PowerSports Business

April 3, 2017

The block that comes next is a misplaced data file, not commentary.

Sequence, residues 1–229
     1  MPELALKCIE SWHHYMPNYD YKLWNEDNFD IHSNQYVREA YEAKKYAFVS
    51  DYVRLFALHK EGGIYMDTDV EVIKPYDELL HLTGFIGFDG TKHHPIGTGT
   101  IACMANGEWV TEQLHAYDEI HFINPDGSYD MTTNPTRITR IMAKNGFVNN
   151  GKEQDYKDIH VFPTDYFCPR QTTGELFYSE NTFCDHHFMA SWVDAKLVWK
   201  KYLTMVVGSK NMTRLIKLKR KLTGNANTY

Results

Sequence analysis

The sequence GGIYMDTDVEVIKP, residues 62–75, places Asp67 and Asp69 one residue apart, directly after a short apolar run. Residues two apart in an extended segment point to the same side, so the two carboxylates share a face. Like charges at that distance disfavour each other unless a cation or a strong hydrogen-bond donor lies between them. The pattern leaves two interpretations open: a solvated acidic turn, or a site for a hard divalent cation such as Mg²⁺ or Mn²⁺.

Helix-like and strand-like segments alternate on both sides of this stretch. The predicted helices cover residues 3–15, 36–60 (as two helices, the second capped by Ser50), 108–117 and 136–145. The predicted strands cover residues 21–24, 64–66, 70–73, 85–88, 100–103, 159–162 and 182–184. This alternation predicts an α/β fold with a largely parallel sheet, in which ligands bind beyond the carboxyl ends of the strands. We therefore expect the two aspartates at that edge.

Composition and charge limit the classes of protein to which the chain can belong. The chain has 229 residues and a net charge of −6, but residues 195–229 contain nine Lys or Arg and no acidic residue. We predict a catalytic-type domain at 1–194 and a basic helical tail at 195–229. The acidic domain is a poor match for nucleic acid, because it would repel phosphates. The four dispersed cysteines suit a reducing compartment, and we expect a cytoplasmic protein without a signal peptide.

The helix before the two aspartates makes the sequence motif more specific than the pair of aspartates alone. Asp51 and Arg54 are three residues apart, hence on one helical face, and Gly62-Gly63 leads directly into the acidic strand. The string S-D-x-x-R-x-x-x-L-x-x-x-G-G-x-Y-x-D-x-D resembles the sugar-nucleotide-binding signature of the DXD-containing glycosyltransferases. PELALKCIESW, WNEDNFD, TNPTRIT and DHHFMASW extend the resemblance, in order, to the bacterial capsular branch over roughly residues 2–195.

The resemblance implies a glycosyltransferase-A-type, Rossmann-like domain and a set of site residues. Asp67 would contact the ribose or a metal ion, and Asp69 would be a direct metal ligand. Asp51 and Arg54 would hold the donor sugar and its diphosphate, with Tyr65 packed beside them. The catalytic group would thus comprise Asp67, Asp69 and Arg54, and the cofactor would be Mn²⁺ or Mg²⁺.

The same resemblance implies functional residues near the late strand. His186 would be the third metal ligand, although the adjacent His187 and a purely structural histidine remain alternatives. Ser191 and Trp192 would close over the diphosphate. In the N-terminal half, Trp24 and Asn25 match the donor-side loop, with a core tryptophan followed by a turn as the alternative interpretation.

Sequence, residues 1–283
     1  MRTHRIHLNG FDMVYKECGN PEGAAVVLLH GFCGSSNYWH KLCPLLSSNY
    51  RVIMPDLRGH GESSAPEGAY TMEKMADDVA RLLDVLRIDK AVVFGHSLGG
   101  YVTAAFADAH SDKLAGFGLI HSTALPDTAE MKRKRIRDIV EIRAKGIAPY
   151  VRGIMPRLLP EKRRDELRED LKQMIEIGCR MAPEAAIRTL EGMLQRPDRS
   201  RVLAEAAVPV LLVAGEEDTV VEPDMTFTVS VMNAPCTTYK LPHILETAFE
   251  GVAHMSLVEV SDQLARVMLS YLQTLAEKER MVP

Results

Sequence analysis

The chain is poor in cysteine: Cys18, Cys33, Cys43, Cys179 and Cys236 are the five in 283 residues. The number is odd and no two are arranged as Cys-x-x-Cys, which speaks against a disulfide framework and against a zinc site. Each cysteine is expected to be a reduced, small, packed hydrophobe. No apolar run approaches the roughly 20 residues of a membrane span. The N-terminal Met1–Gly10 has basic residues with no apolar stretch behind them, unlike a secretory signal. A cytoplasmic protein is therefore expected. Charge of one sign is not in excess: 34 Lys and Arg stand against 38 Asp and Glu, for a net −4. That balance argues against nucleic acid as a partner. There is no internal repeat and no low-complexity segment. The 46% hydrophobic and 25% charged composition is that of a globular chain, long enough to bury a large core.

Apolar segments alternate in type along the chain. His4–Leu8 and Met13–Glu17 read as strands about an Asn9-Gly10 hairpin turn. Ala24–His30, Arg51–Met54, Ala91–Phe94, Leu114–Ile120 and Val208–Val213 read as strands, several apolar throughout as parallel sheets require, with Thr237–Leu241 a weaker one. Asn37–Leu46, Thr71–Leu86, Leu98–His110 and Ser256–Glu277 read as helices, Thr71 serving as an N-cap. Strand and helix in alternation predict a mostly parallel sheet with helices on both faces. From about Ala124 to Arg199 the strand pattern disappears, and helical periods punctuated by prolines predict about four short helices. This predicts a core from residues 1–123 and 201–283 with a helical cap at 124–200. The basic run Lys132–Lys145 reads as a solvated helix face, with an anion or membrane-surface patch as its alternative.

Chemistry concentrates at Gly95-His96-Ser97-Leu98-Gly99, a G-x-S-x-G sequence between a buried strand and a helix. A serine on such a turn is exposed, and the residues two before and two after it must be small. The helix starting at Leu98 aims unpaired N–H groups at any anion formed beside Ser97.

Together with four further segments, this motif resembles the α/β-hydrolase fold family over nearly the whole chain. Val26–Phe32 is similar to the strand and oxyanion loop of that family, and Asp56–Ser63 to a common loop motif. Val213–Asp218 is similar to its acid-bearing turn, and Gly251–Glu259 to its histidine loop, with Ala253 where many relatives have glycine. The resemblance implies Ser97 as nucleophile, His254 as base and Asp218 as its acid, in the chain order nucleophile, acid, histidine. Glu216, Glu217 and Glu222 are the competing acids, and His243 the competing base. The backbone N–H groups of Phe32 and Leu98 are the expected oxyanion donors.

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SOLUTIONS 34 • April 3, 2017 • Powersports Business www.PowersportsBusiness.com Last fall I was blessed with an invitation to conduct a session at AIMExpo titled "Under- standing the Owner and Manager Roles." The session addressed such things as whether a dealer's management style was stifling the dealership's growth, and it included some descriptions of various types of owner and manager roles. The attendee Q&A following the session got me thinking about putting some of my thoughts in written form. What follows is a portion of my observations from over 40 years of working for and with dealers. I want to discuss a fairly common dealer- ship owner profile in our industry. We're talk- ing about the entrepreneur who purchased or started a small dealership without much back- ground in the business. The typical dealer/ entrepreneur becomes a micromanager. They do this for many different reasons: 1) Because the are undercapitalized and/or understaffed, they are forced to do many jobs; 2) Even if they have the staff, they feel it is the best way to learn the business; 3) They need to tightly control the cash flow; and/or 4) The are perfec- tionists and have to ensure things are done the way they want them done. Initially, an entrepreneur/owner should be deeply involved in the business — after all, it is his or her concept, passion and money that drives the store's growth. However, microman- agement tends to stifle growth because one per- son can only do so much. The owner is forced to back away from running every department, hire department managers and take on the gen- eral manager role. This is where a number of dealerships start to run into trouble. The true micromanager often struggles with hiring good quality managers because they threaten his or her ability to control every department. Even if he or she hires good man- agers, the owner might not empower them to manage. Among other things, the owner doesn't allow the managers to have adequate input on hiring and firing — even though the managers are being held accountable for the performance of their staff. Another common problem I see is a lack of budgets for the department managers. Again, these managers are being held accountable for things they can't control. Good managers become very frustrated when they don't have control over the things for which they are being held accountable. This eventually leads to the manager seeking other employment. Many dealerships do empower their man- agers to handle the hiring process, although the owner and/or general manager is almost always involved in the final decision. The simple fact to remember is: The more dealer- ship department managers can be empowered (assuming they have the skills), the less the owner or general manager is tasked with doing additional departmental jobs. At some point in the growth curve, it becomes increasingly difficult for an owner to play both the owner and general manager roles. This occurs when the GM job becomes a full-time, multi-tasking position. At this point, the owner has to find a high-quality general manager to run the day-to-day operations of the dealership. As above, this can be a daunt- ing task. Truly effective general managers with leadership qualities are very hard to find. They will require full empowerment in order to ful- fill the job requirements. If this is the case, the owner has to back away from the daily dealership operations to focus on the high-level business issues (capi- talization, cash flow, inventory valuations, property, etc.) and enjoy life more. The less an owner is involved in the day-to-day operations stuff, the more he or she can evolve into the role of a true "owner." That said, an owner still has to keep a close eye on the books — embezzlement is rampant in our industry. In over 20 years as a district sales manager and a field service rep for two different powersports manufacturers, I saw many dealers struggle with the impact of this "disease." There are only two kinds of dealers — those who have suffered from embezzle- ment and those who will. As a dealership grows, owners should become involved with planning for the end- game — where do they want to be in 5, 10, 20 years? Do they truly want to work in the dealership until they burn out or have a heart attack? Perhaps it is time to spend more time with the family. Maybe they would like to pur- sue their hobbies or travel to exotic lands. This process starts by building a succession plan, or a guide for how a dealer will handle the evolution from being a dealership owner to retirement. The plan spells out the details for passing the dealership along to a relative, or perhaps selling to an employee or an outside buyer. It also covers the reality of a possible injury, illness or death of the owner and what will happen to the business in that case. I can't overemphasize the importance of having a basic succession plan, regardless of whether you plan to retire next year or 20 years from now. You can't control what life may bring to you — you need to have guidelines that address these contingencies. PSB Steve Jones is senior projects manager at Gart Sutton & Associates. He has worked in the powersports industry for more than 30 years, for dealerships and manufacturers, and as a consultant and trainer. Contact him at steve@gartsutton.com. Do you, store owner, empower your managers? RETAIL REMEDIES STEVE JONES

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